In Exodus 26, the tabernacle is built with gold and silver. In Haggai 2, the new house of God is built with gold and silver. In 1 Chr 22, the temple of God is made with gold, silver and stone. In 1 Chr 29, the temple of God consists of gold, silver and all kinds of fine stone. In 2 Chr 3, the temple of God is built with gold and precious stones.
It is not surprising, then, that when Paul, who is a Pharisee and hence very familiar with the Old Testament, when Paul is speaking about the New Testament church, he references the same building materials as the OT temple or tabernacle: gold, silver and costly stones. The only difference is that we are not talking about a physical building. We are the temple of God. Christian brothers and sisters gathered together in community represent the new dwelling place of God. In addition to the OT references, he future city of God in Rev 21 consisted of valuable metals and precious stones. So there is a very obvious distinction between this first category of building materials and the second category of wood, hay or straw.
In contrast to the Old Testament temple of God and even other ancient pagan temples, the houses of ordinary people in Paul’s day were made of wood, hay and straw. The frames of most houses and buildings were built of wood. Hay or dried grass, mixed with wood, was used for the walls. Roofs were thatched with straw.
The contrast between these two categories of building materials is rather obvious. The fire comes and those who built with gold and silver and stone survive while those who built with wood, hay and straw are burned up.
13 his work will be shown for what it is, because the Day will bring it to light. It will be revealed with fire, and the fire will test the quality of each man’s work.
The imagery of fire in the Bible is used in 1 of 2 ways — either to purify or to test. The use of fire here is the latter — the fire is used to reveal or to test the quality of each man’s work. And that test is whether or not each man’s work will survive the flames of judgment. Specifically, the Day with a capital “D” here refers to Judgment Day when Jesus returns and the world as we know will end. At that time, his judgment will be like a fire to consume the flimsy, flammable materials so that only the imperishable remains.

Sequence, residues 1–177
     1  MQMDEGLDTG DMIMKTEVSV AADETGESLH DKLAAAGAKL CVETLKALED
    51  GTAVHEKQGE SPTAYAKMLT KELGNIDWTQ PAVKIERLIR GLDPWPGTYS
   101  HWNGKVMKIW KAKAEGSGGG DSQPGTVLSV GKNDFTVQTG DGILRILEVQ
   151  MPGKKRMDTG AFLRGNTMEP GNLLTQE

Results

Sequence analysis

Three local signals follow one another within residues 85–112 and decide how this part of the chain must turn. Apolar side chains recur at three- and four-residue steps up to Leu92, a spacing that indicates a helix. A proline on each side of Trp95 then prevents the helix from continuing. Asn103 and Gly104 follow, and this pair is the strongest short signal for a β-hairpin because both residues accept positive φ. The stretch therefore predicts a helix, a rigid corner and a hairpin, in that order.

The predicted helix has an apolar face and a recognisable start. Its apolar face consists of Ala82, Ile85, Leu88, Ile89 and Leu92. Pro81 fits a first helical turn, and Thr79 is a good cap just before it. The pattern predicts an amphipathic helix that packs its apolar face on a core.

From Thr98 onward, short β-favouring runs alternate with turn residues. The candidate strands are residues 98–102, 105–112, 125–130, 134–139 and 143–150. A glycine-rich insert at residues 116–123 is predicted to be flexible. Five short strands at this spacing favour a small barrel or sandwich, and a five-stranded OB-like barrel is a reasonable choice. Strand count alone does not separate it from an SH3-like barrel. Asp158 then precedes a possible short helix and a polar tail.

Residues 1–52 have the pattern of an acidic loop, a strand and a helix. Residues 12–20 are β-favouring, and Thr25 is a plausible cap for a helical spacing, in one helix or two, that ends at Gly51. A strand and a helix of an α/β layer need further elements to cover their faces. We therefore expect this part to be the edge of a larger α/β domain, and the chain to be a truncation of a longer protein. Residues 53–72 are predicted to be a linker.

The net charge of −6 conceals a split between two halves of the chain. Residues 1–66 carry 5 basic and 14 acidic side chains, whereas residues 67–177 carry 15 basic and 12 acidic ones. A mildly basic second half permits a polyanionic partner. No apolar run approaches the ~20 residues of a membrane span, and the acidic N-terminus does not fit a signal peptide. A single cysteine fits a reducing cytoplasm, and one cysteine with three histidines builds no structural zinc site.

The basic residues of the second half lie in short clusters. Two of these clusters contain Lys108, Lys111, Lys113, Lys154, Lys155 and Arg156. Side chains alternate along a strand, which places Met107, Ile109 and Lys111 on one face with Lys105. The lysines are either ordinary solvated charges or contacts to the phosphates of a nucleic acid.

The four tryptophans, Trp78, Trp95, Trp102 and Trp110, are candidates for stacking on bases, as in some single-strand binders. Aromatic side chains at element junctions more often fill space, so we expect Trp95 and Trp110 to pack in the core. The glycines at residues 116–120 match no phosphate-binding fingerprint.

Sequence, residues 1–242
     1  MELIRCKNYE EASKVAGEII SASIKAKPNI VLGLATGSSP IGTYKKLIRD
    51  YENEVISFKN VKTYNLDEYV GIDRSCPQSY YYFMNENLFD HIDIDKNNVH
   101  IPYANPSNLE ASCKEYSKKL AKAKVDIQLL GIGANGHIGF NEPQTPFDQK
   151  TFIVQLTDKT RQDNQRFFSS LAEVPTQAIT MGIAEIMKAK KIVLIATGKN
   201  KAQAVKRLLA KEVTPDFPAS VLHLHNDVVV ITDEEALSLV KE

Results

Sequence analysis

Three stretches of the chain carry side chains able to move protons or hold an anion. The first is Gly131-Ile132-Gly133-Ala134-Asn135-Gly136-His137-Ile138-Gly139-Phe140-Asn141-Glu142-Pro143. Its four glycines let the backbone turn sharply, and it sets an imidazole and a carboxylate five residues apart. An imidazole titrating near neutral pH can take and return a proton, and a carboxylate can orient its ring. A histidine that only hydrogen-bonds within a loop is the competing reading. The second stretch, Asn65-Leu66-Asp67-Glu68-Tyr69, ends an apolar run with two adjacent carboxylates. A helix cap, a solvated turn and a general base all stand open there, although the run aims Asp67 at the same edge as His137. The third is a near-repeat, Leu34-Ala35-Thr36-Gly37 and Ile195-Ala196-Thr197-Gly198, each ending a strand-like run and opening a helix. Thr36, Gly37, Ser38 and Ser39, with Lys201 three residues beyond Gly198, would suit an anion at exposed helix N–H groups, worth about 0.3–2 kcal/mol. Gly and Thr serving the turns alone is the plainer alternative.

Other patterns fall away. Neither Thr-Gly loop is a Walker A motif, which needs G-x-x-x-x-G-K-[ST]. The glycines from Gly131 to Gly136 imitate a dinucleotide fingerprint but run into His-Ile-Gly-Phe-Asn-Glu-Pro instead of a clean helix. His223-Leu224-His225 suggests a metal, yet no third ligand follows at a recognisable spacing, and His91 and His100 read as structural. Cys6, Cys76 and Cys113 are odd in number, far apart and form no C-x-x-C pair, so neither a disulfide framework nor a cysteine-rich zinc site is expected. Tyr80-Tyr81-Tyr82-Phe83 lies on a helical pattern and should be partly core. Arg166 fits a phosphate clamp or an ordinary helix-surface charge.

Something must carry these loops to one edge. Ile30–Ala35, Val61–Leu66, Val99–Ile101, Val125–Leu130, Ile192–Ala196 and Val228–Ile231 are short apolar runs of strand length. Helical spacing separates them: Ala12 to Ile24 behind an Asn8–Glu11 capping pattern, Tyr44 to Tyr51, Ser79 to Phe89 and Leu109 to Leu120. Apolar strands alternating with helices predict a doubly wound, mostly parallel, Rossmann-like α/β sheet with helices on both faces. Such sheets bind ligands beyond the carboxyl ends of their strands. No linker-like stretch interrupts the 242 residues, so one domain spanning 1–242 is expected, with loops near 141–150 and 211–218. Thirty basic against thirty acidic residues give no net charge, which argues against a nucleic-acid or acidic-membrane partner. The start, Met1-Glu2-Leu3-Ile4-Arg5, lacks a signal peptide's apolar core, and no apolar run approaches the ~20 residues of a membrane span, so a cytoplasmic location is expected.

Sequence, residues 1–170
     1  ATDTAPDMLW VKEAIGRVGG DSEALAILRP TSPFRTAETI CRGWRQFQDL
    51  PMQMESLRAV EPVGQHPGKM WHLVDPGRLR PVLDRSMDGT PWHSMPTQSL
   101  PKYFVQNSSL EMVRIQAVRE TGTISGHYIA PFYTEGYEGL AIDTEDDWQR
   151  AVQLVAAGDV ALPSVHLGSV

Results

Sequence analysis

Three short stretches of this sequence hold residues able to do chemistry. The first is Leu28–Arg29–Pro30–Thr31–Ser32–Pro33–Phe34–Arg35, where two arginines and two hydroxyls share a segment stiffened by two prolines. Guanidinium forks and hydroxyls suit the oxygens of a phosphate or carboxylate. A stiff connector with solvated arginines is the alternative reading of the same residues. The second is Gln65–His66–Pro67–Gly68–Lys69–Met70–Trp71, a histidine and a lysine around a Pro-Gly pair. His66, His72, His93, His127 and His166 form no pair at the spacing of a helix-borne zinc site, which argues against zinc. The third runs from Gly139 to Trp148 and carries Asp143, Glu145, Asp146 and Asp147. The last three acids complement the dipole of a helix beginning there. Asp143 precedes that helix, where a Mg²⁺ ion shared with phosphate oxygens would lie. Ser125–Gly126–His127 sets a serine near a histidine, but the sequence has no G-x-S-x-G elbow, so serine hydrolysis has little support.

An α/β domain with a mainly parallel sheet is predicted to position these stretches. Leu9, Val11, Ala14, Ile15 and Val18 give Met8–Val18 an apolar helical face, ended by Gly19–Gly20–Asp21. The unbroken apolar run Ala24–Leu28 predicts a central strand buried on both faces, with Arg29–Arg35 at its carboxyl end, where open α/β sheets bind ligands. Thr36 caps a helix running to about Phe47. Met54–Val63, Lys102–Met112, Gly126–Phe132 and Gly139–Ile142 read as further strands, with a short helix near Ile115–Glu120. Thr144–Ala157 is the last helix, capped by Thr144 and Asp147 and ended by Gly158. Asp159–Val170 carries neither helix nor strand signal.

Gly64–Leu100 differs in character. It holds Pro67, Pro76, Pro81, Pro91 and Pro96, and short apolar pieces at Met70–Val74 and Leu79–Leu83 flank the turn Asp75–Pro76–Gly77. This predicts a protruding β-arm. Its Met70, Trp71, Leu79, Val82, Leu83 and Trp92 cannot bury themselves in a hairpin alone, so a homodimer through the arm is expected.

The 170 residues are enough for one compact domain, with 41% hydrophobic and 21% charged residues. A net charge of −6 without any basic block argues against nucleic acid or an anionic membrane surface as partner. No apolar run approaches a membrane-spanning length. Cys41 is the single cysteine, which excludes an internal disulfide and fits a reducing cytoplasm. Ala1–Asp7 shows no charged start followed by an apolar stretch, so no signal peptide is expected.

Then in v14 —
14 If what he has built survives, he will receive his reward.
Paul says that we be rewarded according to whatever survives the fiery judgment. So are you following the logic from the first chapter of this letter? Paul preached only Jesus and him crucified to the Corinthian church. That was the foundation for the church. And on top of the foundation of Christ, we are expected to build using gold, silver and stone, imperishable materials.
Those who built with imperishable materials will receive a reward. I am not sure exactly what that reward looks like. We know from Scripture that God will say, “Well done, my good and faithful servant.” Beyond that, the Bible doesn’t say explicitly what this reward will look like. But I will say, considering the kind of God that we serve and his impeccable track record for producing quality work, I am sure this reward will be out of this world.
However, if you build with the wrong materials, it doesn’t matter how great the foundation is, the building itself is going to be burned up and the only thing that will remain is a concrete slab at the bottom. Nothing will survive the flames except for the foundation.
It’s like you may have a safe in your home that protects your most valuable items. The walls of the safe are fire resistant. Thus, in the event of a fire, everything burns up — your Cal flag, my Eagles tshirt, your photos, your couch, your books — but what remains is the precious stuff because it was protected by the safe. The same is true in spiritual life — if you are saved, if Jesus is your foundation, that means everything in your life might burn up, but in a sense, you will be saved because you have the good deposit. You are saved because you have a safe. Jesus is your safe. You are in Christ. I hope this makes sense. This is important stuff. You gotta get this.
The first warning is for everyone — examine the spiritual foundation of your life. Is Christ your foundation?